Thursday, December 10, 2015

There is evidence on both sides of the God question

A lot depends on what exactly one means by evidence. My own view of evidence, in the context of the discussion of God, is something that is more likely to be there if God exists than if God does not exist. Evidence against God would be something that is more likely to exist if there is no God than if there is a God. With that understanding, I think the fine-tuning of the universe is a clear case of something that is more likely to exist if there is a God than if there is no God, so it's evidence for God. The degree and kind of pain and suffering that exists in the world does seem to be something that is more likely without God than with God, so that's evidence against God. 
Whether the positive evidence outweighs the negative evidence, to me, is the interesting issue. The no-evidence claim looks like a non-starter. 

81 comments:

Legion of Logic said...

I've never considered the problem of pain to be that much of a problem. I suppose it could be used to argue against the idea that the creator is the Christian god, but it does nothing to support atheism. Atheism is a dead end explanation until they can explain why something exists rather than nothing, and they can't do that. The fact that pain even exists is a strike against atheism, far as I'm concerned.

John Moore said...

If you find a bloody knife in Mr. Green's room, and if you also know that Mr. Green was out of the country at the time of the murder, then does the bloody knife still count as evidence that Mr. Green is the murderer?

It looks like some evidence can destroy other evidence. Maybe nothing definitely and objectively counts as evidence. Or maybe in the end there's only one decisive piece of evidence that trumps everything else.

Ilíon said...

"The degree and kind of pain and suffering that exists in the world does seem to be something that is more likely without God than with God, so that's evidence against God."

That line of (harrumph!) argument is incoherent.

If there is no God, then there is no "way things ought to be". But the entire so-called argument rests on the premise -- generally kept hidden -- that *this* (i.e. "degree and kind of pain and suffering that exists in the world") is contrary to "way things ought to be".

There *are* no good arguments for atheism; and *any* evidence that anyone imagines supports atheism is going to be some sort of category error.

Hugo Pelland said...

Victor said...
"Evidence against God would be something that is more likely to exist if there is no God than if there is a God. "
Right, except that the second a non-believer give such examples, many believers will say that this is not what their god would do, or that the non-believer cannot possibly explain what gods would do since they don't believe in them, or that there cannot even be evidence without a god, or that logic wouldn't work, etc, etc, etc...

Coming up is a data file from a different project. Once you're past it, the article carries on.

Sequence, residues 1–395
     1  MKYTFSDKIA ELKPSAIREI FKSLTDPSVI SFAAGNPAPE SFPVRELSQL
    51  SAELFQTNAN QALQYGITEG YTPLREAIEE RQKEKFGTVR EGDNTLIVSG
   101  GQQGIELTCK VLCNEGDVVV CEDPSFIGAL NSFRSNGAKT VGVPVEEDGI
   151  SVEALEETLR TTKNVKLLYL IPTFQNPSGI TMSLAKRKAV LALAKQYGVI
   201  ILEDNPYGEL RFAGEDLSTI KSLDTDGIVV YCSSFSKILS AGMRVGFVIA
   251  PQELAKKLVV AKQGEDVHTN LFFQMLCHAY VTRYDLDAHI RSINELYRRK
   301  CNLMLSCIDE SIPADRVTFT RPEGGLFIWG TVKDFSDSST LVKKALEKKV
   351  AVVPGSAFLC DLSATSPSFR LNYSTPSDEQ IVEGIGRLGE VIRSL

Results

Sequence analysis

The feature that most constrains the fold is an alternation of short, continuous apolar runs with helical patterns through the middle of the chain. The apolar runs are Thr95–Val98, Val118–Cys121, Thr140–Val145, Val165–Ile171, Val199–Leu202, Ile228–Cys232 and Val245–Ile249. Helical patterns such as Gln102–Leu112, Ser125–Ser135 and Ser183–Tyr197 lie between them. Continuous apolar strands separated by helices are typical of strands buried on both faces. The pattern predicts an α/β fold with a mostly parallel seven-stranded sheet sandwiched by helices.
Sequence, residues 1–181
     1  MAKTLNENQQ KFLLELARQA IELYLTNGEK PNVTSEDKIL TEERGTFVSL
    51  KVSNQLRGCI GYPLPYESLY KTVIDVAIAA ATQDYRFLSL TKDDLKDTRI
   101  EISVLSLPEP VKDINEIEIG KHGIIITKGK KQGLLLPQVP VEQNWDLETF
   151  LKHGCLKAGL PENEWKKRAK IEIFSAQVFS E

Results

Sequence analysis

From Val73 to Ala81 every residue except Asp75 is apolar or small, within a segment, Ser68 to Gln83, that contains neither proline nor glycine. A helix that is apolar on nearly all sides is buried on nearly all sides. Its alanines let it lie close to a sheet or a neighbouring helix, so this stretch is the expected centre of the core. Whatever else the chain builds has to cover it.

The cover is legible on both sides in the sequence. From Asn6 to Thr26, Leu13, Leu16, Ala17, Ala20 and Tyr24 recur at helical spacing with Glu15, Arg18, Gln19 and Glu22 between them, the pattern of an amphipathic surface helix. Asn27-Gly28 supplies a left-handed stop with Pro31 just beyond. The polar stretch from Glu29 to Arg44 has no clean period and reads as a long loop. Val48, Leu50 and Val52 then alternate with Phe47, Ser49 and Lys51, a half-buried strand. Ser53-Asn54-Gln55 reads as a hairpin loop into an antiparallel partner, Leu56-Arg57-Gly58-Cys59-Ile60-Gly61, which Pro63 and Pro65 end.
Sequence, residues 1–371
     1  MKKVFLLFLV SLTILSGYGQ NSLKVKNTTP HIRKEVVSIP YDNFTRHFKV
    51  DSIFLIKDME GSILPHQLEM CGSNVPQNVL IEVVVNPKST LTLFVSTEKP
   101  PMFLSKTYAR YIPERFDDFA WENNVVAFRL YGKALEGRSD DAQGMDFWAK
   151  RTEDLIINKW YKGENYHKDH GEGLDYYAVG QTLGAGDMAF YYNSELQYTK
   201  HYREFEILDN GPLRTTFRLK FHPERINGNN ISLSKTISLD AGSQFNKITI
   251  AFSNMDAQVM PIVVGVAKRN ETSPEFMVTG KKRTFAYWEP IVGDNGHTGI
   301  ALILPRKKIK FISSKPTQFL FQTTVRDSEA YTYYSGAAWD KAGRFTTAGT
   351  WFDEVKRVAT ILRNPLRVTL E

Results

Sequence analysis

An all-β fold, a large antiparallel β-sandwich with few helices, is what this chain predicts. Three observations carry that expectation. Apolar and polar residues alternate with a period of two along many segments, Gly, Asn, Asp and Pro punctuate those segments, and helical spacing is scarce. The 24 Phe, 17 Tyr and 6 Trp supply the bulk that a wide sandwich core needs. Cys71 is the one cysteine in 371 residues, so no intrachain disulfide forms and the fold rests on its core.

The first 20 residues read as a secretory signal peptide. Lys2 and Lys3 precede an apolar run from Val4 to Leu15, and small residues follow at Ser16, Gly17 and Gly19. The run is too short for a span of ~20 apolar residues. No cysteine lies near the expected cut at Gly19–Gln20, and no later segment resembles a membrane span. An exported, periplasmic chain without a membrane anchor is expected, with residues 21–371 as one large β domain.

Look at how 2 idiotic comments were posted already regarding how atheism cannot even possible be true. Legion of Logic and Ilíon are so shut to the 'possibility' that there is no god that they cannot even concede that there are indeed some reasons not to believe.

Kudos to you Victor to be more moderate and rational!

Legion of Logic said...

I am not aware of any good argument for atheism, which would be a rational explanation for how something exists rather than nothing if there is no intentionality. If that is being "close minded" then I suppose I'm guilty.

Hugo Pelland said...

Well, saying you are 'not aware of any good argument' is already slightly better than 'Atheism is a dead end explanation until they can explain why something exists rather than nothing' but in both cases you are just claiming ignorance. You don't know how 'x' can be so you believe in 'y' which happens to explain 'x', by definition. Well, I don't see any reason to believe in your 'y' so I would rather say that "I don't know" how 'x' came to be.

Plus, there is no explanation for how something exists rather than nothing because this question implies that there was nothing at some point. But nobody can prove that; it's possible there was always something and that the question is irrelevant. And what does 'intentionality' changes...?

Hugo Pelland said...

Actually... the bigger problem here Legion is that you said you are not aware of any good argument 'for' atheism, which is completely irrelevant since rejecting theism does not require endorsing any kind of strong atheism. But you know that; everyone knows that... no idea why people insist on the contrary.

Cal Metzger said...

Reppert: "We have good evidence that leprechauns and unicorns exist -- stories, paintings, little girls posters, etc. On balance, all reasonable people would have to agree that there is this evidence for leprechauns and unicorns, and I side with those who, on balance, determine that leprechauns and unicorns do indeed exist."
Legion: "I don't know of any good argument for unicorns and leprechauns not existing."

Sold.

John Mitchell said...

Dr. Reppert